Don’t chuck that shuck!

Don’t chuck that shuck!

The VCU Rice Rivers Center celebrated Richmond’s 6-ton taste for oysters last week with more than 20 volunteers at the city’s recycling center.

They shoveled nearly 12,000 pounds of oyster shells collected at Richmond restaurants and events since mid-August to transfer the collection to the Virginia Offices of the Chesapeake Bay Foundation (CBF). The foundation will use the shells in the Virginia portion of the Chesapeake Bay for wild oyster restoration.

“This quantity of shell is very significant to us,” said Jackie Shannon, Virginia CBF oyster restoration specialist, “The amount of shell generated in Richmond in four months is equal to the total annual donations from all of our Virginia partners combined.”

Restaurants and events that contributed to Richmond’s substantial oyster slurping – and then saving – were Rappahannock Restaurant, Lemaire at the Jefferson Hotel, Acacia Mid-Town, Pearl Raw Bar, the 17th Street Farmers Market, Shockoe on the Half-shell Oysterfest, St. Thomas Episcopal Oystoberfest and the Richmond Folk Festival.

The stockpile of shells will aid the wild Eastern Oyster, also referred to as the Virginia Oyster. Today, the population of this oyster is estimated to be at only 1 or 2 percent of its 19th century peak population, when the harvest was approximately 17 million bushels per year and represented a significant portion of the Chesapeake Bay economy. Overharvesting, disease and other factors have ravaged the bay’s oyster population since that time, but the population has started to make modest gains in the past decade – which is good news for the bay.

A single oyster filters 50 to 60 gallons of water per day and 30,000 gallons during its lifetime. In addition, oyster reefs provide hard safety and feeding habitats for fish and crabs while also protecting shores from erosive waves.

In the days of explorer John Smith, oysters were so prevalent in the bay that oyster bars stuck out of the water at low tide and there were enough of them to filter all of the bay’s water in three days. The water then was much cleaner and clearer than it is today, which also had to do with less runoff.

So why then, after the oyster population’s devastation and scientists learning all of the benefits these small creatures contribute, is it a good thing that Richmonders are devouring nearly six tons every four months?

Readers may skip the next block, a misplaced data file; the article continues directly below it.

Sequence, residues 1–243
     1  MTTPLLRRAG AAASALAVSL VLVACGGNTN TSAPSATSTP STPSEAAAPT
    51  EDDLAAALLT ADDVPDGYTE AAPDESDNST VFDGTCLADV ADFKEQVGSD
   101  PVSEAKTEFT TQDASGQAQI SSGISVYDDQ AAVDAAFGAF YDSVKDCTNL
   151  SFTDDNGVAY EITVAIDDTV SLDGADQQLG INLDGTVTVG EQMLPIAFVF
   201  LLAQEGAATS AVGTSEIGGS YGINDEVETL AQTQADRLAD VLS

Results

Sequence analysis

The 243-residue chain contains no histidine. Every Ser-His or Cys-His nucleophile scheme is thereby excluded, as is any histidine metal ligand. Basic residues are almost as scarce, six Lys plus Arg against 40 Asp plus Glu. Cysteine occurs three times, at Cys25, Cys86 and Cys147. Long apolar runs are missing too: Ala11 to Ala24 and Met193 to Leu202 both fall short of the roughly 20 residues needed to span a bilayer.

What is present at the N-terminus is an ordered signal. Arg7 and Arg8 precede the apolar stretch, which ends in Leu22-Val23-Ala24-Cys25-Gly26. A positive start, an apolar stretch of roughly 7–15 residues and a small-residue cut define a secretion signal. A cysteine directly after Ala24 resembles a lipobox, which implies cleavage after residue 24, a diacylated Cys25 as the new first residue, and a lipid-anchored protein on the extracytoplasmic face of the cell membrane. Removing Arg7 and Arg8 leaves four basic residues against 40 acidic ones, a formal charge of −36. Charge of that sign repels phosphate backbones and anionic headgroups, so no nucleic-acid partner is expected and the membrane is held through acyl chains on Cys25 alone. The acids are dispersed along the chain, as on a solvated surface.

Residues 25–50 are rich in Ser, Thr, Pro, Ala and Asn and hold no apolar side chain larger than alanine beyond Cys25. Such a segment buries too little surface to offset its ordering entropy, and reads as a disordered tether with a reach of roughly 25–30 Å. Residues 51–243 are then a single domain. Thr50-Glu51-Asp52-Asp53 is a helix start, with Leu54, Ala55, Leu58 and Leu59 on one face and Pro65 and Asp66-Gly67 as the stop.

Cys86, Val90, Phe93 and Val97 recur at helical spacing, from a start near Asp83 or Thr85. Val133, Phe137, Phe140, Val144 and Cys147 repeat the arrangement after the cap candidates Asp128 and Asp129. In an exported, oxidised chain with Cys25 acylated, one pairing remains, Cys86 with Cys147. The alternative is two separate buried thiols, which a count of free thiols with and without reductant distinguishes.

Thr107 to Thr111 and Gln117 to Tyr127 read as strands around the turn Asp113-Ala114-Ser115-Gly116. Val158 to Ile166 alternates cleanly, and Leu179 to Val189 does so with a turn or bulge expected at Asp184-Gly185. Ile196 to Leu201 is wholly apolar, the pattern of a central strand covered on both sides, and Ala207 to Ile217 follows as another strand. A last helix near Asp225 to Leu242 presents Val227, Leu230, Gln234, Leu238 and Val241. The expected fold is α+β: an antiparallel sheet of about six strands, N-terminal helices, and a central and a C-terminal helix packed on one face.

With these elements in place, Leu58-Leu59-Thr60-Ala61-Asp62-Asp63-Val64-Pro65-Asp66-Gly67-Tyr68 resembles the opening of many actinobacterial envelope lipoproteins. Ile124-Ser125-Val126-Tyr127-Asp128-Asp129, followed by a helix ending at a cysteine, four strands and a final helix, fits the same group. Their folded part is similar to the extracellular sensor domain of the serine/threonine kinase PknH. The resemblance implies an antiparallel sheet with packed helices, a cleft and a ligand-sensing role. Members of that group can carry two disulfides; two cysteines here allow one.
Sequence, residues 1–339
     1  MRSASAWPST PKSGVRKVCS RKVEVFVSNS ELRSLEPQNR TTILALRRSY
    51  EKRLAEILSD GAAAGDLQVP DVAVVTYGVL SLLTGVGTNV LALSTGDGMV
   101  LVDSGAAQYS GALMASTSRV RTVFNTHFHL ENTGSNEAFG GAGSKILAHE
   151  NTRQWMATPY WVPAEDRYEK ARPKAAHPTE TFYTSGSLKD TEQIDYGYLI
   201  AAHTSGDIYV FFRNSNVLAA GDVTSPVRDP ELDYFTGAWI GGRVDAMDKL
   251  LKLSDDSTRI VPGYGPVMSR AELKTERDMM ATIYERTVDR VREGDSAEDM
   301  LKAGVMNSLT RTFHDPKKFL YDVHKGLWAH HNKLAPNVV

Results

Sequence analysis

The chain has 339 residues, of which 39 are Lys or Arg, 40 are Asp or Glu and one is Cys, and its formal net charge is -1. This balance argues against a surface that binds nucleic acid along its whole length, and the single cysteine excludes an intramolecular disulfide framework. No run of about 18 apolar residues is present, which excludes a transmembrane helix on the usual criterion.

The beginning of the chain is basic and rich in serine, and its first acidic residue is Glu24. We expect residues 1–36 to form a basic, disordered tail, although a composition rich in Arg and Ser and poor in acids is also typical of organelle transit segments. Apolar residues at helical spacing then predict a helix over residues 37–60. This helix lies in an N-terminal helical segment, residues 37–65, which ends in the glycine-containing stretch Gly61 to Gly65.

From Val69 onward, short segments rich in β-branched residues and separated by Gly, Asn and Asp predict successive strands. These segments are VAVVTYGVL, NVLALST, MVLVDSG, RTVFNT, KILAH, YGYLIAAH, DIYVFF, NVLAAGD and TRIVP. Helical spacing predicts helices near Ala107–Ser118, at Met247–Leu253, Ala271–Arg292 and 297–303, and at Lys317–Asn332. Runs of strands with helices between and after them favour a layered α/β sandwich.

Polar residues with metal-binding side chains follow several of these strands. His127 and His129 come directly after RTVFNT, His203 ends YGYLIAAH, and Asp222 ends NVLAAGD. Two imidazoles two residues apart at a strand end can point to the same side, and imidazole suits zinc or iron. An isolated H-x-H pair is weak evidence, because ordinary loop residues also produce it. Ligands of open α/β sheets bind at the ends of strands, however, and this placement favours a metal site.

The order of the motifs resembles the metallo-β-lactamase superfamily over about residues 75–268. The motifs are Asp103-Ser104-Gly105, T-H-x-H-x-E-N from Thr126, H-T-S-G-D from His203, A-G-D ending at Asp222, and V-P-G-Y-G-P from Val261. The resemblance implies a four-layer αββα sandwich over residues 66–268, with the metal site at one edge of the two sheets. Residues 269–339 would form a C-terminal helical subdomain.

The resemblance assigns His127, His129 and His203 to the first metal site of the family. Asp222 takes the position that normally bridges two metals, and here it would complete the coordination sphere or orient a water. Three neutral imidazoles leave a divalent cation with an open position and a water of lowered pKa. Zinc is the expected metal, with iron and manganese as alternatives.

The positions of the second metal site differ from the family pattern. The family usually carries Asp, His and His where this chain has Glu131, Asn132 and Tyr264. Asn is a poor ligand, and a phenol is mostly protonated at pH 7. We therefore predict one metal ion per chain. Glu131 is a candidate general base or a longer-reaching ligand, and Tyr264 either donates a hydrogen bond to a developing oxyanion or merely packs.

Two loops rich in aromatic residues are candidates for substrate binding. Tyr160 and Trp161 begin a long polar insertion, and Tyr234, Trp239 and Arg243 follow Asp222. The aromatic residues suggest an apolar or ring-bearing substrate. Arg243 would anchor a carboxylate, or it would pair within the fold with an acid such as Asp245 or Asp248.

Most of the oysters consumed in Richmond are farm-raised in natural estuaries, said Todd Janeski, program manager for the Virginia Oyster Shell Recycling Program at the VCU Rice Rivers Center. And farmers are replacing the oysters in their farms at a rate of 10 to 1.

So eating three dozen oysters, he points out, is like sponsoring 1 million gallons of filtered water.

To multiply the positive effects of shucking in RVA, Janeski and his team are returning the shells to an oyster sanctuary where they cannot be harvested. They’re also kick-starting the reproduction process by seeding the shells with oyster larvae before placing them – an extra step that very few, if any, Virginia oyster recycling programs are taking.

Natural oyster shell is the preferred substrate for growing new oysters, but many restoration projects rely on reclaimed clam shells, crushed concrete or reef balls as surrogates.

“When oysters reproduce they need hard surfaces,” Janeski said. “But real shells also provide the nutrients needed to grow and thrive.”

The VCU Rice Rivers Center piloted the successful regional effort that collected the oyster shells, which were originally directed to landfills. Volunteers from the Virginia Master Naturalists and Volunteers as Chesapeake Stewards (VoiCes) collected the shells after the participating restaurants and events saved them.

Volunteers continue to collect the shells, but for now there is not an option for the general public to drop off shells. Janeski hopes to change that soon as he also hopes to expand the contributing network with more restaurants and even grocery stores. All told, he estimates there could be as much as 100,000 pounds of untapped oyster shells in the Richmond region.

Expansion is contingent upon having the appropriate resources, so a fundraiser – which ideally will be the first of many – is planned for May 18 at Tuckahoe Plantation

But of course those who want to help can always just go out and shuck a few.

Editor’s Note: VCU Rice Rivers Center partnered with Virginia Green Travel Program, Chesapeake Bay Foundation, City of Richmond, Tidewater Fiber Corporation, Virginia Master Naturalist Program, Virginia Coastal Zone Management Program, Rappahannock River Oyster Company and the restaurants and events listed above to make this oyster preservation project a success.

 

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Volunteers on Friday shoveled nearly 12,000 pounds of oyster shells collected at Richmond restaurants and events since mid-August to transfer the collection to the Virginia Offices of the Chesapeake Bay Foundation (CBF). The foundation will use the shells in the Virginia portion of the Chesapeake Bay for wild oyster restoration.
Volunteers on Friday shoveled nearly 12,000 pounds of oyster shells collected at Richmond restaurants and events since mid-August to transfer the collection to the Virginia Offices of the Chesapeake Bay Foundation (CBF). The foundation will use the shells in the Virginia portion of the Chesapeake Bay for wild oyster restoration.
Photos courtesy of Sarah Hale, VCU Rice Rivers Center.
Photos courtesy of Sarah Hale, VCU Rice Rivers Center.